"Many participants remarked, however, that the economy was still far from achieving the Committee’s broad-based and inclusive maximum employment goal, and some participants indicated that recent job gains, while strong, were weaker than they had expected. A number of participants noted that the labor market recovery continued to be uneven across demographic and income groups and across sectors."
On tilting the composition of future MBS vs Treasury purchases, the minutes were ambiguous.
"Several participants saw benefits to reducing the pace of these purchases more quickly or earlier than Treasury purchases in light of valuation pressures in housing markets. Several other participants, however, commented that reducing the pace of Treasury and MBS purchases commensurately was preferable because this approach would be well aligned with the Committee’s previous communications or because purchases of Treasury securities and MBS both provide accommodation through their influence on broader financial conditions."
On inflation, it's still "generally" the expectation that transitory factors are boosting inflation but there is a debate around that and the committee fundamentally altered its stance on risks to their inflation projections by saying:
"a substantial majority of participants judged that the risks to their inflation projections were tilted to the upside because of concerns that supply disruptions and labor shortages might linger for longer and might have larger or more persistent effects on prices and wages than they currently assumed."
Recall that the median projection offered at the June meeting was for a sustained overshoot on headline and core PCE over 2021–23 and so a "substantial majority" thinks it could overshoot by more than they are projecting.
The greater uncertainty around inflation forecasts was also reflected in the following two passages:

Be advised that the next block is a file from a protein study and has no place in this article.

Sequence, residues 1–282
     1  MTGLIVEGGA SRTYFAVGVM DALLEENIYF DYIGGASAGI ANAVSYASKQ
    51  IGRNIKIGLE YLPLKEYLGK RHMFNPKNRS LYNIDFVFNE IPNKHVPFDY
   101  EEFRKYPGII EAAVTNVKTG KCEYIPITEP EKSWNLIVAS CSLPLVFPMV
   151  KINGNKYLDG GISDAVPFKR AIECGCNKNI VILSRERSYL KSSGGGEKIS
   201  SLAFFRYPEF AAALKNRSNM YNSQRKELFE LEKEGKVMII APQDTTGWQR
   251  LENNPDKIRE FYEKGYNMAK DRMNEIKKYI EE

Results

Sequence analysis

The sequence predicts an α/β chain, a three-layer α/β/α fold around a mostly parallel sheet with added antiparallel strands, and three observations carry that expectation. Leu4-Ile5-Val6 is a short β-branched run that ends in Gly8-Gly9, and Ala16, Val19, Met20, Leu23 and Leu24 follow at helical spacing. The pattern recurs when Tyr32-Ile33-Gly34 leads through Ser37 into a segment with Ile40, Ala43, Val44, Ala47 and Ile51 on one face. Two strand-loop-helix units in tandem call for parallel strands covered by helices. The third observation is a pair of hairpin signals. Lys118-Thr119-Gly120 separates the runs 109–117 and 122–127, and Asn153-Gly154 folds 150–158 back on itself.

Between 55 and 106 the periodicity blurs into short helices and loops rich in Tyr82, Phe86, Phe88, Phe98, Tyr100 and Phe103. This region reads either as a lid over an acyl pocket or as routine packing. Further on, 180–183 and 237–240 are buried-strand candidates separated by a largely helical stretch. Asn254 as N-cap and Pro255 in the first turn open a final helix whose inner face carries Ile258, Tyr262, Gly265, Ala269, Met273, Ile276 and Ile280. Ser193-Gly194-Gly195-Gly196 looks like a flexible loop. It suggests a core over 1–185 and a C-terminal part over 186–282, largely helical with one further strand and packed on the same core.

"participants generally expected inflation to ease as the effect of these transitory factors dissipated, but several participants remarked that they anticipated that supply chain limitations and input shortages would put upward pressure on prices into next year. Several participants noted that, during the early months of the reopening, uncertainty remained too high to accurately assess how long inflation pressures will be sustained. "
"Several participants expressed concern that longer-term inflation expectations might rise to inappropriate levels if elevated inflation readings persisted. Several other participants cautioned that downside risks to inflation remained because temporary price pressures might unwind faster than currently anticipated and because the forces that held down inflation and inflation expectations during the previous economic expansion had not gone away or might reinforce the effect of the unwinding of temporary price pressures."
The minutes included no reference to the debt ceiling/limit distortions in markets with much of the effect unfolding subsequent to the meeting. I continue to expect more emphasis upon the matter in Fed communications going forward and it’s possible that Powell’s testimony next week will broach the topic.